NYRB: Omri Boehm presents "Haifa Republic," with Susie Linfield
August 26, 2021, 7:30 PM
Omri Boehm joins us to present his new book Haifa Republic: a Democratic Future for Israel, in conversation with Susie Linfield. This program is presented in partnership with our friends at New York Review Books and Congregation Beth Elohim, and will take place on Zoom. Register here:
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Boehm elegantly synthesizes a tortuous history and offers an imaginative model for Israel’s political future. —Kirkus Reviews
Haifa Republic: A Democratic Future for Israel is an urgent wake-up call. The philosopher Omri Boehm argues that it is long past time to recognize that there will not be a two-state solution to the conflict between Israel and the Palestinian people. After fifty years, Israel’s occupation of the West Bank constitutes annexation in all but name, even as the legitimate claims of the Arab population, soon to be a national majority, remain unaddressed. Meanwhile, daily life goes on under conditions rightly likened to apartheid. For liberals in Israel and America to continue to place their hopes in a two-state solution is a form of willful and culpable blindness, especially now that Israeli leaders across the political spectrum have begun to speak of ethnic cleansing. A catastrophe is in the making.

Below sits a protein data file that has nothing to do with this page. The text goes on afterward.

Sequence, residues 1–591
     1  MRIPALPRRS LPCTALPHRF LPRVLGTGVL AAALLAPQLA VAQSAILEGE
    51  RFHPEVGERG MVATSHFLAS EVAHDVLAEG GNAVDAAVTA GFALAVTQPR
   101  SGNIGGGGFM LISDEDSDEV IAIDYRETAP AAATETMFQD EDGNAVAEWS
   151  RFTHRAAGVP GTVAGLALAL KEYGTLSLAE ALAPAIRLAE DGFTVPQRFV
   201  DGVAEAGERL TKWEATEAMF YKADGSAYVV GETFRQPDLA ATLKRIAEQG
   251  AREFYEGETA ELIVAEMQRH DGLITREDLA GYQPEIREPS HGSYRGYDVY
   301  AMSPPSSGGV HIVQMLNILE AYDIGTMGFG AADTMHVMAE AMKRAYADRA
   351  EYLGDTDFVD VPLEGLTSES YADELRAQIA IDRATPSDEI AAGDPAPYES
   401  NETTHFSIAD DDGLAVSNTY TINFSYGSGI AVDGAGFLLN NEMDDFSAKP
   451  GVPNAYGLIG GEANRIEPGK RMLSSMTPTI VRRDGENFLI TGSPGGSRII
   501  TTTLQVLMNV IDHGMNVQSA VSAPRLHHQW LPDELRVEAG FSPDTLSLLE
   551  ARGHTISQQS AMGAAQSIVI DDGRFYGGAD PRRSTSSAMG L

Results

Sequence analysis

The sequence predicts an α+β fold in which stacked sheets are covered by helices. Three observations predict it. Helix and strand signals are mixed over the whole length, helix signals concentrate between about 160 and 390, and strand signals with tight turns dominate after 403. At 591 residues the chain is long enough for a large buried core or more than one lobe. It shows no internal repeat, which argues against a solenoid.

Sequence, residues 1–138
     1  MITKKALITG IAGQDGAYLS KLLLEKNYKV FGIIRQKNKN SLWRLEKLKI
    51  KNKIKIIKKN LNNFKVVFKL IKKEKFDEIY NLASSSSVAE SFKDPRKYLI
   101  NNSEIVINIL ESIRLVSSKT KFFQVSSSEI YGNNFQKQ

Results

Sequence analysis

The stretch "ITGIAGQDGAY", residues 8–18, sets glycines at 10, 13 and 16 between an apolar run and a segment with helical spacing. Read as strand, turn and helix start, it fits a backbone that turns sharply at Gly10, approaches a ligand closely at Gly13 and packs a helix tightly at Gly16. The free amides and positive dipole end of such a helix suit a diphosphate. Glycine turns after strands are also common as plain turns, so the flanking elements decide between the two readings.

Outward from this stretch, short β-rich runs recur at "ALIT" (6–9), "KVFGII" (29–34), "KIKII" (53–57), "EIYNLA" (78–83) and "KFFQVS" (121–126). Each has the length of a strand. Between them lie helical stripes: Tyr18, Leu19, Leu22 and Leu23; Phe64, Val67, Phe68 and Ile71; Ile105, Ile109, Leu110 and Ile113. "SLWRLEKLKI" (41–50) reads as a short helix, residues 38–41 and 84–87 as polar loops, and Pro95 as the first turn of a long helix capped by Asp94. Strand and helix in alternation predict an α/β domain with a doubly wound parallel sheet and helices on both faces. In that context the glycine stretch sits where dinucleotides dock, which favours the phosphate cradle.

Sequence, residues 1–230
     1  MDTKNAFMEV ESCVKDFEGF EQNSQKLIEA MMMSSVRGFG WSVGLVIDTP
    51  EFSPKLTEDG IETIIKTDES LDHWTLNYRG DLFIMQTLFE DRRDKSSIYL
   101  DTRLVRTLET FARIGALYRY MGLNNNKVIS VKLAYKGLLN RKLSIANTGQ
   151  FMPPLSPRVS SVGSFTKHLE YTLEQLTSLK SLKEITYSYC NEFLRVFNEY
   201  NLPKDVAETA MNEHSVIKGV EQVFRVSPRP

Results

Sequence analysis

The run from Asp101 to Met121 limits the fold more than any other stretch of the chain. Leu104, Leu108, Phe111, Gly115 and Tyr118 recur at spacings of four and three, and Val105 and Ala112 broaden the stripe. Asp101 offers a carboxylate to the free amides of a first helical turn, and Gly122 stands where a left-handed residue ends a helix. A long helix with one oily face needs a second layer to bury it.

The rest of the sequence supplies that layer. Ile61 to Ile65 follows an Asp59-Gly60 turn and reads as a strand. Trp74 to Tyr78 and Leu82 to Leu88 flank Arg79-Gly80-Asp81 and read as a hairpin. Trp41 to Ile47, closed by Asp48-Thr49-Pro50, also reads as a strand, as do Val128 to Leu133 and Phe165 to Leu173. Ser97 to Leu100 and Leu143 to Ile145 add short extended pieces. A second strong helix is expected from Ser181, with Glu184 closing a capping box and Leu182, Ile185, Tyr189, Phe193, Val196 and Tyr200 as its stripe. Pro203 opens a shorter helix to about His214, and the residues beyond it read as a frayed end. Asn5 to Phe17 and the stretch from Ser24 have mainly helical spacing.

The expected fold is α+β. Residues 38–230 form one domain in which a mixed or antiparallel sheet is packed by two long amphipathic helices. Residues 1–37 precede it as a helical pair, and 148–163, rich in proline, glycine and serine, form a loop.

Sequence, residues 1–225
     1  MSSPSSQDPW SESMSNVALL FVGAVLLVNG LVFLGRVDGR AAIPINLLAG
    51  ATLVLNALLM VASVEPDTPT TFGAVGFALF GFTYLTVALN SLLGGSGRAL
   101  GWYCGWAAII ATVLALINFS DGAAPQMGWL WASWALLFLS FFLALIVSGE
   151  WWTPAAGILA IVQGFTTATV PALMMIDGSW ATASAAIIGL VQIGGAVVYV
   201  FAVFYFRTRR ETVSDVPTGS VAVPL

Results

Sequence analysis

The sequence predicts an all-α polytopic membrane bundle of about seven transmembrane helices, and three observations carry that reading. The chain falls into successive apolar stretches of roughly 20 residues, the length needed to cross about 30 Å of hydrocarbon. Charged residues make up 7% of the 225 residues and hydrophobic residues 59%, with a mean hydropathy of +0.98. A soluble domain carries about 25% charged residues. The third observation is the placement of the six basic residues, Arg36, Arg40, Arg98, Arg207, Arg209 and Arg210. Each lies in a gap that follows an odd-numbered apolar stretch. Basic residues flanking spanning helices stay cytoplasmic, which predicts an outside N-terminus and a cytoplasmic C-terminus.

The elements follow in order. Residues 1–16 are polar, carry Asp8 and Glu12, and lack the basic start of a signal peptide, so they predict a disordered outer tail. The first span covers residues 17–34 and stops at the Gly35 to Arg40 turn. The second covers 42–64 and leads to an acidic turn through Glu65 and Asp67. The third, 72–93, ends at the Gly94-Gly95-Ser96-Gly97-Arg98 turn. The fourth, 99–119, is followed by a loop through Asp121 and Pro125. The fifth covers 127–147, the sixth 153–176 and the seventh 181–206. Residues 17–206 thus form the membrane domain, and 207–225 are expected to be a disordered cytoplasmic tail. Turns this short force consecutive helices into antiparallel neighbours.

But Haifa Republic also offers grounds for hope. Catastrophe can be averted, Boehm contends, by reconfiguring Israel as a single binational state in which Palestinians and Jews both possess human rights and equal citizenship. The original Zionists—Theodor Herzl, Ze’ev Jabotinsky, and, early in his career, David Ben-Gurion—all advocated such a federation, and as prime minister, Menachem Begin successfully submitted a kindred plan to the Knesset. A binational federation offers a last chance for the two peoples who call Palestine home to live in peace and mutual respect and to have a truly democratic future in common.
Omri Boehm is a professor of philosophy at the New School for Social Research. He is the author of The Binding of Isaac: A Religious Model of Disobedience and Kant’s Critique of Spinoza. His writings on Israeli politics and culture have appeared in Haaretz, Die Zeit, The New York Times, and elsewhere.
Susie Linfield is the author of The Cruel Radiance: Photography and Political Violence. She teaches journalism at New York University, where she directs the Cultural Reporting and Criticism program.